For those of you who don't know Waste Management Inc. (for its past practices click here) locked out my fellow Teamster sisters and brothers just before their contract with the company was going to expire so as to intimidate them and to not let them go on strike (all thought they say that talk of strikes are off the table). The local unions affected are Teamster's Local 70 (I'm apart of Teamster's Local 270 for UPS and am a Shop Steward for Local 278), Machinist Local Lodge 1546, and ILWU Local 6.

This is another aspect and example of institutionalized and contemporary racism. Black neighborhoods are continually underrepresented in our society in way of politics, media portrayals (other than the negative that is), and are completely invisible to those who live outside of predominantly Black areas.

If one says that racism is no longer a factor in America than ask yourself this: Why is it that Black's are continually treated as subhuman in America and how come those hardest hit by natural, political, and other disasters are those of low income, and how come Black's make up a disproportionate number of those in low income neighborhoods and households?

This is just another example of how race plays out in America today. Black neighborhoods are not getting their trashed picked up by Waste Management scabs while the city of Oakland and Wast Management sit by and do nothing for these communities. Yet no one is expressly saying that they would never insist of picking up, "The trash of Negroes" as they would of forty years ago. Yet if this country is so much better off than how come no one is mentioning (aside from those actually affected by it) that race is an important factor in this whole mess? And if we are so much better than forty years ago how come if someone does bring up the race card when it comes to neighborhood development they are meet with cries of "Race card!" by their opponents?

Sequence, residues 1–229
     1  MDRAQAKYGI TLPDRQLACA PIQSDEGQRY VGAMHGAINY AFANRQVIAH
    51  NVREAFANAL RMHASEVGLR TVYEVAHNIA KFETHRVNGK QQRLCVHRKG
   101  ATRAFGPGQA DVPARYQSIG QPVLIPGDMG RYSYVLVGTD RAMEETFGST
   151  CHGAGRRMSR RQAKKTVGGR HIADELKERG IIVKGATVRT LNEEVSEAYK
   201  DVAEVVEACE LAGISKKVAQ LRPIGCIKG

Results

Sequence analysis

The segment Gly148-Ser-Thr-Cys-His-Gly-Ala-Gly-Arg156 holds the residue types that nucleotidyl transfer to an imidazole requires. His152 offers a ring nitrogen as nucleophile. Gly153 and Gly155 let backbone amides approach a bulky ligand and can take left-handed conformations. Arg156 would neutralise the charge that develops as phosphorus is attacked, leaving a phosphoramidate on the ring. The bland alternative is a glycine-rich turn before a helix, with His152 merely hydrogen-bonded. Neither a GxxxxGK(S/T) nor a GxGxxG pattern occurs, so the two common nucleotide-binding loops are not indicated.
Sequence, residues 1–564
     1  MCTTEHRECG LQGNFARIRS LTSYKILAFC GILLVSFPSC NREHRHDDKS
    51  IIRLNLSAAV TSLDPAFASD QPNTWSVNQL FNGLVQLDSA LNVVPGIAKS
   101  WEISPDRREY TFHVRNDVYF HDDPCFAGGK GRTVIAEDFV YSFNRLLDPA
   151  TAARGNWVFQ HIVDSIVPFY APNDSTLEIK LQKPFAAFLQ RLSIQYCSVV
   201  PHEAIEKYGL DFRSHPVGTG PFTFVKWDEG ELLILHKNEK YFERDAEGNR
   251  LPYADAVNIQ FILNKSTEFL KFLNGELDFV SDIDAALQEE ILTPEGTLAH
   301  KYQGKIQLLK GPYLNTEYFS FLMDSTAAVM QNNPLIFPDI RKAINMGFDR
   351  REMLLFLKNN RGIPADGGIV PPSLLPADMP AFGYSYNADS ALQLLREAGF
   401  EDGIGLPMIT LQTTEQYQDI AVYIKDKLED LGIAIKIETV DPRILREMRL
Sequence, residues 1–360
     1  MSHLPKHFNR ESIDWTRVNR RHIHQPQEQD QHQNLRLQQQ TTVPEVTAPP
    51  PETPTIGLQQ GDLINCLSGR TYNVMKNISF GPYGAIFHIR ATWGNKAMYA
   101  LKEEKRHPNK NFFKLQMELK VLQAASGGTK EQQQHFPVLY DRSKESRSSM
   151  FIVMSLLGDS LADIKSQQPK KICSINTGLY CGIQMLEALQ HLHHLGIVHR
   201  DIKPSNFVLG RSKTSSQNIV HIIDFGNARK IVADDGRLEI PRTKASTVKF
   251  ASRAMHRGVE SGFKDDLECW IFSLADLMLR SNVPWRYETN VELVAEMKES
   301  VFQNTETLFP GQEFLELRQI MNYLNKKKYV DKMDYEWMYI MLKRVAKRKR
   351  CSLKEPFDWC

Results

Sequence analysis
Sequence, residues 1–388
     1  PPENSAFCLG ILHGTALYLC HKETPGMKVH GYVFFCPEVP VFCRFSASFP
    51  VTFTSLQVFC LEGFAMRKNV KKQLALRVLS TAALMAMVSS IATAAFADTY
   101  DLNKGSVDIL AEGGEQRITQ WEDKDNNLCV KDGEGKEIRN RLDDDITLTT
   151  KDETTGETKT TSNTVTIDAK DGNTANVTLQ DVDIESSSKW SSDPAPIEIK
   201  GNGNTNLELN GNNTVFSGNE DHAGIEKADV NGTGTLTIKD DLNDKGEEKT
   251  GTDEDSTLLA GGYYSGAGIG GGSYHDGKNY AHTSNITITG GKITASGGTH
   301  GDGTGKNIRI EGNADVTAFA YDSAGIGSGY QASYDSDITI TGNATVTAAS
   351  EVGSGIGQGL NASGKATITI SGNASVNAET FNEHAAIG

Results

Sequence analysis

Yet here we are, again. Another injustice is being heaped upon the Black community and no one in the mainstream media and in mainstream politics is bringing up the issue of race (as well as class, though class is easier for politicians to bring up than race) as an important factor in the development of these neighborhoods and in the company not prioritizing their trash pick up.

Image From:
San Francisco Chronicle


Saturday Beats: The Hood

One of the latest from The Beat Within.

Life in Da Hood
In just a young brown maze, misunderstood
Grew up in a ghetto-ass neighborhood
Wit’ crackheads on da block smokin’ rocks
USOs just posted outside wit’ their gun stocks
Got the baby’s mammas outside wit’ their kids
Bums in the alley way ‘cause they ain’t got nowhere to
Got the husbands hittin’ on their wives
Got the wives cheatin’ on their husbands
Got the husbands hittin’ on their kids
Got the kids being abused
Makes ’em feel like they ain’t got nothin’ to lose
So they run away and they start to join a gang doin’ da
same thang.
-By Tiny Samoa


Driving While Black

I had a great conversation late last week with a new co-worker of mine who is being trained to load packages into the Washington State trailers at my work (UPS, or Under Paid Slaves). He is the third person to be trained on our belt since I've starting working here in late February (but, I digress). His name is Casanova and he's a young Black man of 21 years and dresses in the style of Bay Area hyphy.

As we were loading into Washington him and his trainer, a young Latino man named Mike, we all started talking about Dave Chappell and on his commentary on race, especially the difference of how cops treat whites and Blacks when they pull them over. Casanova started talking about how whenever he sees a cop he gets a little nervous, and if a cop is on the other side of the ride driving in the opposite direction as him and sees the cop pull a U-turn Casanova automatically knows that the cop is going to pull him over and question him. No if ands or buts about it. If he sees a cop pull a "Uey" in his rearview mirror he knows he's in for a whole lot of shit. Even when he did nothing wrong.